Palms are sweaty. Knees trembling, unable to carry my weight. My stomach is doing backflips.
I close my eyes, exhale. It’s good to be nervous.
But I’m not nervous: I’m terrified.
The doors open, a crack of light intrudes the dark elevator. My calm has been broken. Terror clamps back onto me as I recoil back into the walls of the elevator: my final sanctuary. I resist as I am forced into the bright, harsh light of the dressing room. I am bombarded with advice as my prep team work, I try to remember, but my head is filled with death. I try to stay focused, but I feel dizzy and lethargic. My hair is wrenched back into a pigtail as I am wrenched back into the reality of my situation. Keep calm.
I am going to be sick.
I am marched down a hallway, the white harsh light from the dressing room is the same here. I approach a glass door, and can see my reflection. I am as white as a corpse; those wide, startled eyes look critically at me, searching for any flaw, as though it matters. I push the door and walk through, past the doors of others. They all have numbers on. From mine – 12 – down to 1. Most are open, and as I glance sideways into the rooms, they are exactly the same as my dressing room.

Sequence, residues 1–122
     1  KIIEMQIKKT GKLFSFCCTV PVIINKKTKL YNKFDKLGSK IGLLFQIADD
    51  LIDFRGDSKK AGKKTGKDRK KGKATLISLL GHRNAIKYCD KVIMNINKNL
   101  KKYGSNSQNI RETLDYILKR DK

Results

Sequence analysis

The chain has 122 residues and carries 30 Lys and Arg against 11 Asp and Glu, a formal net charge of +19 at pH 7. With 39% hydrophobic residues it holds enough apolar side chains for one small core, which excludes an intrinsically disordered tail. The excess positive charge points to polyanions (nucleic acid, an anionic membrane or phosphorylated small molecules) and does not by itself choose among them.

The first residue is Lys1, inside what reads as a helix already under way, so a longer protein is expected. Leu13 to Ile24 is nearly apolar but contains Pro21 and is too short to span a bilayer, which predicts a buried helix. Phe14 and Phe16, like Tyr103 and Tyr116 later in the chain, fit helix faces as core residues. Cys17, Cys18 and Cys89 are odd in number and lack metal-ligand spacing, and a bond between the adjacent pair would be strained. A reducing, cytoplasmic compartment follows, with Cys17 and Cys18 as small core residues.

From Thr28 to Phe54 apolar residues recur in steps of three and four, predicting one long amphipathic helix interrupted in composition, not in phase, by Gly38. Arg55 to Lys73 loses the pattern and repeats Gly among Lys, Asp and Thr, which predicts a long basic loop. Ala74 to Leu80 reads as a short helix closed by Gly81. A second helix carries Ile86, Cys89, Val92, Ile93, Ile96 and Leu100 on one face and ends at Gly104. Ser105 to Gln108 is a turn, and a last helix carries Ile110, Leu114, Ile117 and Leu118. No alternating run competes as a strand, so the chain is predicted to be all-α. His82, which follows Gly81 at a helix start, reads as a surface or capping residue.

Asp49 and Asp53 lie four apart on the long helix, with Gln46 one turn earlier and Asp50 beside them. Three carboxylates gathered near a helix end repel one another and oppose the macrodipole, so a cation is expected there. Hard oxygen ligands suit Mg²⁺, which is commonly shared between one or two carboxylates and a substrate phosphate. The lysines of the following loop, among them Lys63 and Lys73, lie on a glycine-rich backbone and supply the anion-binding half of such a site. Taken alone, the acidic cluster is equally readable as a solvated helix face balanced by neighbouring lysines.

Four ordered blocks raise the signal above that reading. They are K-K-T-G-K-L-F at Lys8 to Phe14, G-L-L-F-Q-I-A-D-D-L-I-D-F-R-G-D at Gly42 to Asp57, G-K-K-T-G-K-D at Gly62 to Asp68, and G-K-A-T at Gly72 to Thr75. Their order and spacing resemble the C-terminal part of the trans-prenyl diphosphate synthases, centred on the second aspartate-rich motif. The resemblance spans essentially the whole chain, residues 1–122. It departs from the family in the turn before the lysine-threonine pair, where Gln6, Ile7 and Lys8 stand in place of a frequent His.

My heart is thundering in my chest. Adrenaline is coursing through my veins.
He is at entrance 12. I try to greet him, but my mouth is parched. I don’t know when we will enter, but it will be soon. There is some inconsequential smalltalk, keeping up the act, ignoring that we both fully-well know that the other will have to die. We hold hands.
After an eternity, the immense, cold steel doors slowly swing open and we step forward into the glare, into the screams and cheers of spectators, into the arena.